Useful tips for first-time travellers to Ghana



Ghana has a deserved reputation for friendliness and hospitality. Manners and etiquette are very important, and correct honorifics and respectful greetings in business meetings are expected. Shaking hands is customary, starting with the person on the far right and making your way to people on your left. It is polite to spend a few moments engaged in casual conversation about family, health and travel.


Ghana has a tropical climate. As a result, light clothing is recommended, especially during several hot and humid months from November to March. Formal business wear is de rigueur in office environments. On Fridays many workplaces permit employees to wear more colourful, traditional outfits.


English is widely spoken in Ghana and is frequently used in formal business settings. Ghanaians do appreciate when visitors try to use basic words in Twi such as Akwabaa (Welcome), Wo ho te sen? (How are you?), or Me da ase (Thank you).


The national currency is the cedi, with one cedi equal to 100 pesewas. Notes come in denominations of 1, 2, 5, 10, 20 and 50. ATMs are easy to find in cities; however, some ATMs only dispense a limited number of cedis, usually between GHS800 ($180) and GHS2000 ($450). Foreign currencies should be exchanged at licensed exchange offices at ports of entry, but the best rates are available at hotels. All notes must be in mint condition. It is wise to have enough local currency for various transactions.


The primary means of travel in Ghana is road. Taxis abound in urban areas, but without meters. Fares are negotiable but generally cost GHS10-20 ($2.25-4.50). Expect to pay more from the airport, during rush hour and late at night. Drivers with private vehicles and air conditioning can also be easily hired for flat or hourly rates. Since mid-2016 Uber has become common in Accra. Stop-and-go traffic and heavy congestion is the norm in the capital during rush hour, particularly near the airport and closer to Tema Port.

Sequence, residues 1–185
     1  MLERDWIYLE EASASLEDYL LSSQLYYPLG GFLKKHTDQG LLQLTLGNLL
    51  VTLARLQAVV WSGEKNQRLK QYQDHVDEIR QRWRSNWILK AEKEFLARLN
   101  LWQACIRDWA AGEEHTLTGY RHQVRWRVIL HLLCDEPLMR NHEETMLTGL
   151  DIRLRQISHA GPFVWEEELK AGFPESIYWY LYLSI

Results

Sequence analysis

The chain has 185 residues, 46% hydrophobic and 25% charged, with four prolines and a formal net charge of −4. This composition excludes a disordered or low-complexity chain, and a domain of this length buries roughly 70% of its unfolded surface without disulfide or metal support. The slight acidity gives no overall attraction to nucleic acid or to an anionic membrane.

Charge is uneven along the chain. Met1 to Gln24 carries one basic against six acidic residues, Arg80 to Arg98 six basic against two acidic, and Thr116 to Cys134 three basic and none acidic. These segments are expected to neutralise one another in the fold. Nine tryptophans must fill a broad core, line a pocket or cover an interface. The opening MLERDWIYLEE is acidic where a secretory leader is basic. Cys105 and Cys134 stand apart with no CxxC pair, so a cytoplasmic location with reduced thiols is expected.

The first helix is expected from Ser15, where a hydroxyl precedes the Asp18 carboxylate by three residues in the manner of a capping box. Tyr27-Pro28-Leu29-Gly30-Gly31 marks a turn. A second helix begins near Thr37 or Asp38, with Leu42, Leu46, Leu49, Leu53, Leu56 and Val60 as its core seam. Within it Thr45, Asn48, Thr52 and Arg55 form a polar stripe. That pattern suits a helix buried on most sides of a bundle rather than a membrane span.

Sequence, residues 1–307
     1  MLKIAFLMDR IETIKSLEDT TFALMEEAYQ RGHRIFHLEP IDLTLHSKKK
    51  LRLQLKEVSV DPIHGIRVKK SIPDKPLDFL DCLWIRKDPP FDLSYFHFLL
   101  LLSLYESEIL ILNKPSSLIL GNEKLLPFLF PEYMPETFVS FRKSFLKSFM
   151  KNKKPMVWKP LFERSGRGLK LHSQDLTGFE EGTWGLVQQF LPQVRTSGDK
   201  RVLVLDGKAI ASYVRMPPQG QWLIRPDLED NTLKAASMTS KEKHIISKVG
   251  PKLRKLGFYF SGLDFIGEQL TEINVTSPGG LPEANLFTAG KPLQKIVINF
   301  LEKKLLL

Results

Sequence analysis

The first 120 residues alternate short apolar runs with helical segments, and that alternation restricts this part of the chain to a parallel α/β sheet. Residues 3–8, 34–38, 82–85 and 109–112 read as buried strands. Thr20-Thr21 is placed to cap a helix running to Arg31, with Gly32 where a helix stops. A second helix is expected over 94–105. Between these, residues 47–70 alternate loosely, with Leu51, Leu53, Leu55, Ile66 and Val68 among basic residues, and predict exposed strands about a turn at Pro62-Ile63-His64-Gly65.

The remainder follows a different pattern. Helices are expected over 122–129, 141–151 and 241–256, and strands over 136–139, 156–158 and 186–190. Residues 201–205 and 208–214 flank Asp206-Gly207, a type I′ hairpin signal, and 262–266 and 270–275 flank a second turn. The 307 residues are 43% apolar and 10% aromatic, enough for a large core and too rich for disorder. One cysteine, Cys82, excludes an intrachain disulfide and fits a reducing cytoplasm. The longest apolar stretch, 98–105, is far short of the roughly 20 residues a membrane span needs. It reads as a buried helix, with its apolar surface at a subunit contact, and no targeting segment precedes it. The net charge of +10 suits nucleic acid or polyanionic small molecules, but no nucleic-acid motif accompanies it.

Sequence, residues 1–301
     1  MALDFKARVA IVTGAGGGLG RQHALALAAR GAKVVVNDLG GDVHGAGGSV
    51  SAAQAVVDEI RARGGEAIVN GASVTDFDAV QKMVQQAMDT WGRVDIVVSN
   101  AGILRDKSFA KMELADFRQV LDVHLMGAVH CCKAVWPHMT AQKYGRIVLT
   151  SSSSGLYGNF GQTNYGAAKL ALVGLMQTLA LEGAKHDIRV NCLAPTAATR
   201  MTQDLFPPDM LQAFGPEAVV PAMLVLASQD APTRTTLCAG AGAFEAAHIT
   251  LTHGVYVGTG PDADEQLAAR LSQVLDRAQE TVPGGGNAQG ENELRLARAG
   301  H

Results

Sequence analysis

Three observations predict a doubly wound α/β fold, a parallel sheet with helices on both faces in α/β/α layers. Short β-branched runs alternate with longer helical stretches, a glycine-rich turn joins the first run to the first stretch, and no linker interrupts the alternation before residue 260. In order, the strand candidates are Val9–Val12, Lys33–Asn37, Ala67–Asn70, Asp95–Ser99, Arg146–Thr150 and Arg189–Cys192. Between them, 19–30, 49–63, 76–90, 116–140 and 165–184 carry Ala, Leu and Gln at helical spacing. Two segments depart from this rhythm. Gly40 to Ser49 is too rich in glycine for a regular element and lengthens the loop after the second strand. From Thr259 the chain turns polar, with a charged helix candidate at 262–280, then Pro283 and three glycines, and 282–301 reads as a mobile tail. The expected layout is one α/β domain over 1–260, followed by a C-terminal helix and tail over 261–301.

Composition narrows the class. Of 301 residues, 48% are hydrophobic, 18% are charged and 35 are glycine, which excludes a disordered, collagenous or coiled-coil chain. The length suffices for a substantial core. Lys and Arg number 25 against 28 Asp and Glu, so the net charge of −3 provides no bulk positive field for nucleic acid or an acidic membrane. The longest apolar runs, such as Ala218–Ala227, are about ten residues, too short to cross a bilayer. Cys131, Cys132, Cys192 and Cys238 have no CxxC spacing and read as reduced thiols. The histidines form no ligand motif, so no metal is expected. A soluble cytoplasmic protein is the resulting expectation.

Entry Visas

It is advisable to obtain a visa prior to arrival, although some nationalities can apply for a visa at the port of entry with the appropriate documentation. Citizens of ECOWAS, as well as Kenya, Rwanda, Mauritius, Malaysia, Singapore, and Trinidad and Tobago are exempt from visa requirements, and citizens from African Union countries can receive visas upon arrival. US citizens can obtain a single-entry visa for around $60 and a multiple-entry, three-month visa for $100. EU residents can secure single-entry visas for €75 and three-month, multiple-entry visas for €160.


As with most West African countries, a yellow fever vaccination is mandatory for entrance. Other recommended vaccinations for travellers include hepatitis A and B, typhoid, rabies and meningococcal meningitis. Malaria risk remains low in cities, but short-term visitors are recommended to use mosquito repellents. Visitors should drink lots of bottled water to stay hydrated. Ghana has numerous private and public health facilities in urban areas.


The country code is +233. Landlines are exceedingly rare, but mobile phones are extremely common. A prepaid SIM card can be purchased (showing a valid passport) at the airport or at licensed shops from one of the major nationwide cellular carriers such as MTN, AirtelTigo and Vodafone. Top-ups are widely available at convenience stores and street vendors. Surfline and Busy Internet also have 4G coverage for remote hotspot internet, and data only 3G coverage is common.


Power supply is better than in many other West African countries, but blackouts are not uncommon. As a result, businesses and homes rely on back-up generators, especially in the hot months. Ghana has a 220- to 240-V network.

Business Hours

For workers in both the public and private sectors, the average working week typically runs from Monday to Friday. The majority of businesses in the country are open between 9.00am and 5.00pm.

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The Report: Ghana 2018

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